For most people, spending a hot summer month sifting through dirt in Spain is no vacation — but for University of Saskatchewan archaeology student Landon Perlett, it was the working vacation of his dreams.
In his final year of forensic archaeology, Perlett was looking to get some hands-on experience during the summer.
“I wanted to get first hand experience with actual bodies and bones,” he said.
The U of S offers a dig at Wanuskewin but this did not appeal to Perlett, so he hit the web. He came across a website called Shovel Bums, an American site which has a list of archaeology jobs around the world. That’s how he got connected with ArchaeoSpain.
The group is involved with several Roman and pre-Roman digs throughout Spain and Italy. Perlett spent his time in Valladolid, just north of Madrid.
Having no knowledge of Spanish, Perlett says the language barrier was tough at first but it wasn’t long before he could understand many of the conversations around him.Surprisingly, he says, he was one of only three other archaeology students on site. The rest of the program participants came from other areas of study.
“They just wanted to go Spain, learn some Spanish and do something cool,” said Perlett. The others were mostly from the U.S., with one student coming from England.
In Valladolid, students excavated a pre-Roman burial ground, or necropolis. Around 150 cremation burials have been uncovered on the site, revealing details about the warrior class among northern Spain’s Iron Age inhabitants, the Vaccean people. They settled the area around the 5th century B.C.E. and were later conquered by the Romans.
“They were basically all warrior graves, with spear-points, shields and armour links,” said Perlett.
On a typical day students would get up in the morning and walk to the dig, working until siesta time — when it became too hot to work — around 1 p.m. Work involved digging and then sifting each shovel full of dirt for artefacts and fragments.
Perlett says he actually made a pretty big discovery.
“I found a tomb myself,” he said. “I found it at about seven in the morning and worked on it until about nine at night.”
Warriors would be cremated and then buried with possessions that were of value to them. In his tomb, Perlett uncovered a rusty iron dagger and a small oil pot.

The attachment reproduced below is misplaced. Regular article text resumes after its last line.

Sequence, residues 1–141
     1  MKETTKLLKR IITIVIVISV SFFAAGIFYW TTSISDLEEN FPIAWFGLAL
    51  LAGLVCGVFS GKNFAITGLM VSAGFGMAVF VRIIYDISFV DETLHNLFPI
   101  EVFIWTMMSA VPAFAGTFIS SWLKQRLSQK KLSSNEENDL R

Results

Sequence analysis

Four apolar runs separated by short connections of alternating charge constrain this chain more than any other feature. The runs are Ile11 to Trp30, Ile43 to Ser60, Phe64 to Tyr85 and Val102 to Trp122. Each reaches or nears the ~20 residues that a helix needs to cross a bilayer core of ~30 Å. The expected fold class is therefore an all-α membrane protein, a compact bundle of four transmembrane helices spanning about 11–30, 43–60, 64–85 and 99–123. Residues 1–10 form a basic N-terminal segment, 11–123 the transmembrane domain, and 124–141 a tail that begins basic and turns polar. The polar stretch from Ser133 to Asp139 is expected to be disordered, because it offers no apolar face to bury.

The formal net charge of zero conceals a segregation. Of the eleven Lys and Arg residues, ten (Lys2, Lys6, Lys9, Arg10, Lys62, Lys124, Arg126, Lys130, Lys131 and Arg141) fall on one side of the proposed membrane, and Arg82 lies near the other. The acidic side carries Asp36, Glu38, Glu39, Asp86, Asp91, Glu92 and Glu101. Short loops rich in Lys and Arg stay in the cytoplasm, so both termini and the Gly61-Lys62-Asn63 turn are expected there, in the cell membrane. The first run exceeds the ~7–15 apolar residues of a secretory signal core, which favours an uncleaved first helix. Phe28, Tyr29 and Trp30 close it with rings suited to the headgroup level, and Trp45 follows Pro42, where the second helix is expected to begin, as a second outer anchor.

Students worked five days a week and had weekends off to explore the country.
“We actually got to see quite a bit of Spain and hang out at the university there,” said Perlett.
Every few weeks, ArchaeoSpain would bring in a professor to give the students a lecture on the Vaccean culture and help explain the objects they were digging up. Valladolid has long been a wine-producing region, so Perlett says they dug up a lot of wine-related objects as well.
“I wanted to get first hand experience with actual bodies and bones.”
U of S archeology student
The program costs about $2,600, which includes food and accommodation but not airfare. Perlett thinks it’s a good deal, for what he got out of it.
“For a whole month in another country, it was pretty cheap overall,” he said.
“I had no expectations going in and I was completely blown away. The quality of the food and the people — everybody was so excited to be there. There were quite a few town festivals too.”
There’s also a thrill to uncovering something long-unseen, says Perlett.
“I wanted to get that feeling, that sense of awe when you actually dig up a tomb.”
It may be part adventure but the resume is not too far from Perlett’s mind either.
“I’m more on the forensic side of archaeology so I really wanted to be on a dig that would let me say I have had experience digging up humans.”